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European ministers once again failed to make a decision on the whether to re-license the herbicide Glyphosate in the EU.  At a meeting last week (9 November), key countries such as France & Italy voted against the Commission’s proposal for a 5 year renewal. Ireland and 13 other countries supported the Commission, however they did not reach the required majority.

With only five weeks to go before the current glyphosate authorisation expires (on 15 December), a decision must now be taken within an appeal committee, set for the 27/28 November. However, expectations are low, as Member States are likely to continue to vote along the same lines as they have done at each vote held over the last year. There have been many attempts to break the deadlock including proposals to reduce the reauthorisation period from the standard 15 years to the current 5 years.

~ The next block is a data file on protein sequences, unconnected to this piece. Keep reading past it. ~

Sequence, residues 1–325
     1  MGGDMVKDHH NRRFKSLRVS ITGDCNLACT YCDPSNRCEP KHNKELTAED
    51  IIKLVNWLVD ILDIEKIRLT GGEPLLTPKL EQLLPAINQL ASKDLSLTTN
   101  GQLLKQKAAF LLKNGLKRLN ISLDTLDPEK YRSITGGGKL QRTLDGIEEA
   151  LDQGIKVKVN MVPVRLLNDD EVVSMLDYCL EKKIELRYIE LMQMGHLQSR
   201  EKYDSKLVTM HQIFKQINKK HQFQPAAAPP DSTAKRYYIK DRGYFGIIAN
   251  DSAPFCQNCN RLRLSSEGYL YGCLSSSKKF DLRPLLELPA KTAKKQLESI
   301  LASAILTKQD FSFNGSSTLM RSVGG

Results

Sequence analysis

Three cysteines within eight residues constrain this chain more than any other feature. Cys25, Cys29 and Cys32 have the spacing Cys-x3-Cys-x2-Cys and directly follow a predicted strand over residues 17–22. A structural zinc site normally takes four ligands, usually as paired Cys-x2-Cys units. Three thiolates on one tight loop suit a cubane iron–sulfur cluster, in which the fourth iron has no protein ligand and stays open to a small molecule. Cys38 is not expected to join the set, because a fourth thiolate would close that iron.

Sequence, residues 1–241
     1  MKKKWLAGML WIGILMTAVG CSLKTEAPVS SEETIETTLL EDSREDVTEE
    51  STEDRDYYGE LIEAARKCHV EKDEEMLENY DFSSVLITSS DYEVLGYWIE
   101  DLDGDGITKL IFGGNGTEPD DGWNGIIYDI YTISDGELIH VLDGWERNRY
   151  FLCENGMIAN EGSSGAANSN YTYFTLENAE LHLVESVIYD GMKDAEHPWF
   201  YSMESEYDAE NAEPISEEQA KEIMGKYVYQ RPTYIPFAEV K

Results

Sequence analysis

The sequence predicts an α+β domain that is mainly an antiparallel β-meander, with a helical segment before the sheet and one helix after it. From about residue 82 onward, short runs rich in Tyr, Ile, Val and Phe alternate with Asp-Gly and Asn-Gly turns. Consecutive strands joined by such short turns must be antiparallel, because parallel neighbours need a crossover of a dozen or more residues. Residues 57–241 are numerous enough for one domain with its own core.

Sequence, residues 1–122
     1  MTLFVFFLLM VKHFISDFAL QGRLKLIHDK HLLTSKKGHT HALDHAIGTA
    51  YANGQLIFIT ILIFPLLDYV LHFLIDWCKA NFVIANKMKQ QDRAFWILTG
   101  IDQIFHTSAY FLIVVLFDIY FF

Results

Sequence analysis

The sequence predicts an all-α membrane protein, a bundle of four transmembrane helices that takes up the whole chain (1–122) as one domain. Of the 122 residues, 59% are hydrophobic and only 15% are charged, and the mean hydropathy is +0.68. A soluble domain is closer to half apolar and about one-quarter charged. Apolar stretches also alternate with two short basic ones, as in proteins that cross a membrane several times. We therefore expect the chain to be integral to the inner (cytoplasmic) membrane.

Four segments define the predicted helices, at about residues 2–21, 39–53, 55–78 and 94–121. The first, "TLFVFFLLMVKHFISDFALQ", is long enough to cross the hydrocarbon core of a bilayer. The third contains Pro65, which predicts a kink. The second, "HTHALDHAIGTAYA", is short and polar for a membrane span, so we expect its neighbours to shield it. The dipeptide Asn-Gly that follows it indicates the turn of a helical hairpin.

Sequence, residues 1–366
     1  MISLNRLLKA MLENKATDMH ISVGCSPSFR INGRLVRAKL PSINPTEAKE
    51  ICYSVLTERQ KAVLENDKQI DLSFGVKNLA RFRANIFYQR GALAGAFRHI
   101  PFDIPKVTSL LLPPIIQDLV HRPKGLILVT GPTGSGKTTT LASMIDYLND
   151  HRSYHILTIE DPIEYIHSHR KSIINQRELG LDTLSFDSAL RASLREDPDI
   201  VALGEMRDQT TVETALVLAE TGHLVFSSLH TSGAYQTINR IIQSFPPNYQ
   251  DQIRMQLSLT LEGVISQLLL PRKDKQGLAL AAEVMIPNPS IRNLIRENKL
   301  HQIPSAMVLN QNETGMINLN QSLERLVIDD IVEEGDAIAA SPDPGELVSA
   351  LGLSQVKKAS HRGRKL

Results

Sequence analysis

Member States have come under significant public pressure, particularly following a European citizens’ initiative calling for a ban on the chemical which was signed by 1.3 million people. In addition, the European Parliament has voted for the herbicide to be phased out entirely within five years.

ICOS has been following this debate with increasing alarm due to the potential impact for grain farmers. Glyphosate is also a key tool needed by dairy farmers to prepare pasture land for reseeding for example. Removing glyphosate would only serve to threaten farm income through the need to buy costly alternatives; it could see an increased dependence on imported feed, and it would limit farmer’s ability to deliver public goods such as maintaining biodiversity-rich hedgerows.

We therefore call on national governments, together with MEPs, to give their support for the re-approval, which is justified on the basis of the overwhelming scientific evidence confirming its safety for humans and the environment. Ignoring this evidence, in favour of unscientific, political arguments sets a dangerous precedent for future re-approvals, damages the credibility of the European regulatory system as well as severely jeopardises the quality and competitiveness of Irish and European Agriculture.

Alison Graham

European Affairs Executive